DB pension incentive exercises spike

DB pension incentive exercises spike

Advisers have reported a spike in “incentive exercises” undertaken by companies looking to offload their defined benefit liabilities.

JLT Employee Benefits’ Tiziana Perrella told FTAdviser there had been a marked increase in the number of companies offering “pension increase exchanges” (PIEs), whereby members give up the right to annual benefit increases in exchange for a greater initial income.

Allan Maxwell, director of Corporate Benefits Consulting, said his firm had seen a surge in demand for enhanced transfer values (ETVs), which incentivise members to transfer out of the scheme altogether by offering them a larger lump sum than they are required to.

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Both Ms Perrella and Mr Maxwell said companies were undertaking these exercises to reduce liabilities in an effort to prepare for bulk annuity buyouts.

The pair said all firms would eventually seek to offload their entire scheme onto an insurance company.

However, the increased interest in incentive exercises has raised questions over whether members are being adequately protected from employers keen to offload members.

The Pensions Regulator and the Financial Conduct Authority confirmed regulatory responsibility for this area was split between the two.

TPR has responsibility for the pension scheme side, while FCA regulates the advice provided to members wanting to transfer out.

Mr Maxwell, whose firm is paid by sponsoring employers to provide the advice to members considering transferring out, told FTAdviser there was no pressure to advise in favour of a transfer. “We’re getting paid no matter what happens, whether we transfer people out or not,” he said.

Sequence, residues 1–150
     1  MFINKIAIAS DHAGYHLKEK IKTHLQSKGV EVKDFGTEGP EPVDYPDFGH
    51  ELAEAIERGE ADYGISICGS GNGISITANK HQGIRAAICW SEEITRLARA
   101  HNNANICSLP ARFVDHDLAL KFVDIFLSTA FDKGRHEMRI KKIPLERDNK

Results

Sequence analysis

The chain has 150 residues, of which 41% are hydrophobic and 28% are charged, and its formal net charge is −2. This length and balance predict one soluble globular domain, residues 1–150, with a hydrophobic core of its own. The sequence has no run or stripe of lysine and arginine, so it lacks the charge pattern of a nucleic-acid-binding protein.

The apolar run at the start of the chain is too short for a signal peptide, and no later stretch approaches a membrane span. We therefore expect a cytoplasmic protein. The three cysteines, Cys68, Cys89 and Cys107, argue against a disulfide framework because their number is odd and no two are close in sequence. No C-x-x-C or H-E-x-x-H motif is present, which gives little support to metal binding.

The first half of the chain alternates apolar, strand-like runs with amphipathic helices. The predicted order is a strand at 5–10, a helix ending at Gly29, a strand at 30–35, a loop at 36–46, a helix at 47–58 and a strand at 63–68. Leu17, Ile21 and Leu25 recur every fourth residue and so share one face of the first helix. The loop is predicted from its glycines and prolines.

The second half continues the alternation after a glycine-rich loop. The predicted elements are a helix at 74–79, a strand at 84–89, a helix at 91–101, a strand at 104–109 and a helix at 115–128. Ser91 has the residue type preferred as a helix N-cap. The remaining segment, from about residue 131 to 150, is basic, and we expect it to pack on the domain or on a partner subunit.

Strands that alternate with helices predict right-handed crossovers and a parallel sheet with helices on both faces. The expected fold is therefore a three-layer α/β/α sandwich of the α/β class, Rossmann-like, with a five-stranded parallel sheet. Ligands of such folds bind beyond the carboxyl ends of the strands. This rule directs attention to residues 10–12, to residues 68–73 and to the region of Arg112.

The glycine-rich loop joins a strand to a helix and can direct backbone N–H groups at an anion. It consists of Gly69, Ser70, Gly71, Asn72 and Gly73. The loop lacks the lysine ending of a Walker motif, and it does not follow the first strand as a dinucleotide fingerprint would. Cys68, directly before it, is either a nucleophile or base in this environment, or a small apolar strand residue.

Nevertheless, he said an ETV exercise could result in 60 to 70 per cent of members transferring out of the scheme. Even when take-up was low, it was still at 20 to 30 per cent, he said.

Mr Maxwell put the spike in interest in ETVs down to the introduction of pension freedoms - which make transferring out considerably more attractive because it means members can drawdown all of their cash in one go - and improved economic conditions after the 2008 financial crisis.

He said ETVs were popular with companies with spare cash and a deficit that is not overly large. “If you’ve got no money and a huge deficit, it’s not going to happen,” he said.

Ms Perrella said her corporate clients had, in recent years, been favouring pension increase exchanges over ETVs, partly because plummeting gilt yields pushed transfer values to historic highs.

However, while any scheme could, in theory, undertake an ETV, she pointed out that only schemes whose annual benefit increases are above the legal minimum could undertake PIEs.

Ms Perrella said that members were required to take advice on PIEs, and were always presented with details such as the “break even point”.

However, she conceded that PIEs worked in the opposite way to an annuity, in that the longer you live, the worse of a deal you get.